program.
"Each day that passes without strong and tough action, which
this proclamation is, results in a further drain on our national
wealth and on the jobs it creates for the American people," he
said. "Each day without action means that our economy becomes

Daily Photo by PAULINE LUBENS
SOME OF THE 150 Pilot Program students who met last night in Alice Lloyd Hall listen as the
program's staffers lead a discussion of tactics. T he group decided to begin a letter-writing cam-
paign asking that Pilot be spared if and when the literary college takes a four per cent budget
cut.

EXECUTIVE COMMITTEE

TrCA

1

1 -

LEA panel approves pia
to credit ROTC courses

in-

more and more vulnerable to
serious disruption."
THE proclamation, which key
Democratic congress members
are moving to void, imposes a
special tariff of $1 a barrel ef-
fective Feb. 1 and additional $1
hikes on March 1 and April 1 to
an ultimate limit of $3.
White House Press Secretary
Ron Nessen said each $1 in-
crease in the tariff was expect-
ed to boost retail gasoline pric-
es about a penny a gallon, after,
a lag of three to four weeks.
Ford signed the proclamation
after meeting with governors
from 10 Northeastern states
highly reliant on imported oil
products.
The governors told him his
proposals would damage the
economies of their regions and
lead to another round of ram-
pant inflation. More than half
of them said they will seek a
federal court restraining order
against the proclamation.
FORD WENT ahead with his
controversial plan despite heat-
ed opposition froixl the Demo-
crats, who control Congress, as
well as from members of his
own Republican party and wor-
ried state governors.
Earlier yesterday Senator
Edward Kennedy (D-Mass.), in-
troduced in the Senate a resolu-
tion to block the oil import fee
plan for 90 days.
He said 50 of the Senators in-
cluding many Republicans -
totalling one more than half of
the chamber's 100 members -
had joined him in sponsoring
the legislation.
A COMPANION measure is to
be introduced in the House of
Representatives by Congress-
man Thomas O'Neill of Massa-
chusetts, Democratic leader in
the chamber.
Meanwhile, the four major
U. S. auto manufacturers said
sales during the second 10 days
of January were 41 per cent
higher than they were during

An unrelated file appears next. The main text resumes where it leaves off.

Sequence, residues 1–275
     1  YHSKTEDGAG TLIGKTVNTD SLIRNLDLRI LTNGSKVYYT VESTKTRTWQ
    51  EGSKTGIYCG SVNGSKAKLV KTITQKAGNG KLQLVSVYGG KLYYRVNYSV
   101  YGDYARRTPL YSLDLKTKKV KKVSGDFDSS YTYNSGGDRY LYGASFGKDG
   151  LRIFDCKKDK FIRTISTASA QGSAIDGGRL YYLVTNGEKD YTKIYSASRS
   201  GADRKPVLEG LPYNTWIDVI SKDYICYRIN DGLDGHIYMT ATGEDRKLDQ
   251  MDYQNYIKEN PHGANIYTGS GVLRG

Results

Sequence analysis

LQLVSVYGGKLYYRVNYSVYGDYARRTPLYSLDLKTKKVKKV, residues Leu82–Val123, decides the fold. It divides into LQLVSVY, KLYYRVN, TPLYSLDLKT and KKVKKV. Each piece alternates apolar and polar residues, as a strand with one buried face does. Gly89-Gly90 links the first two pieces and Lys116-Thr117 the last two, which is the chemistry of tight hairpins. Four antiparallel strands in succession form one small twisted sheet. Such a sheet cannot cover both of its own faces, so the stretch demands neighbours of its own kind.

the first 10 days, although
they remained 15.4 per cent be-
hind the comparable period in
1974.
See FORD, Page 2

Milliken
expected
to slash
'U' budgyet
By DAVID BURHENN
Special To The Daily
LANSING - The Daily has
learned that Governor William
Milliken will probably recom-
mend a 1975-76 state appropria-
tion for the University totalling
slightly over $100 million.
This figure represents the ef-
fects of a four per cent cut, a
cut which threatens the exist-
ence of the Pilot Program and
which may pose several finan-
cial problems for the University.
UNIVERSITY officials have
said that the cut, which has
been threatened since fall, would
force drastic belt -,tightening
within departments-and would
likely end the Course Mart and
force possible personnel layoffs,
in addition to killing Pilot.
The governor's recommenda-
tions will be officially premiered
during the next ten days. They
will then face revision in both
the State House and Senate.
However, recent legislative his-
tory has indicated that the final
budget figures very only slight-
ly from the governor's recom-
mendations.
The $100 million figure Milli-
ken is expected to recommend
represents an increase over the
1974-75 level of $97 million. How-
ever, when higher costs are
computed in, the appropriation
appears to fall short of Uni-
versity needs.
MILLIKEN'S $100 million re-
commendation is a reflection
of two factors:
-Recommended $7-8 million in-
creases to cover salaries, infla-
See GOV., Page 8

By GORDON ATCHESON
The literary college (LSA)
Executive Committee yesterday
approved a proposal to grant
academic credit for certain
Reserve Officer Training Corps
(ROTC) courses offered at the
University.
Before becoming official pol-
icy, the ROTC credit plan must
go' before the LSA faculty for
consideration.

THE faculty is expected to
tackle the question at its Feb-
ruary 3 meeting and a pro-
tracted, fiery debate seems un-
avoidable, according to knowl-
edgable observers.
Under the plan, which has al-
ready been supported by the
LSA Curriculum Committee,
ROTC courses deemed to aca-
demically substantial may be
given credit after review by

Curriculum Committee and in-
dividual departments.
The Executive Committee pro-
ceedings are kept secret, but
the ROTC decision was an-
nounced because of its "inter-
est" to the student body, Aca-
demic Affairs Co-ordinator John
Meeker said.
APPARENTLY the commit-
tee gave the proposal little di-

Cobb receives support; 'U'
stays silent on negotiations

rect consideration at yester-
day's session because the "plan
appeared to be workable," ac-
cording to Associate Dean of
Curriculum Jean Carduner.
But the proposal received
"extensive discussion" at an
earlier date, Meeker said.
Throughout the decision mak-
ing process, the various bodies
have considered only the aca-
demic merits of ROTC cours-
es.
IN ALL likelihood, however,
a major point of disagreement
at the upcoming faculty meet-
ing will be the political rami-
fications of giving credit to
ROTC programs.
Also the report advocating
credit for ROTC classes con-
tains few concrete criteria for
judging individual courses and
Carduner said he believes the
faculty may desire more ex-
plicit guidelines.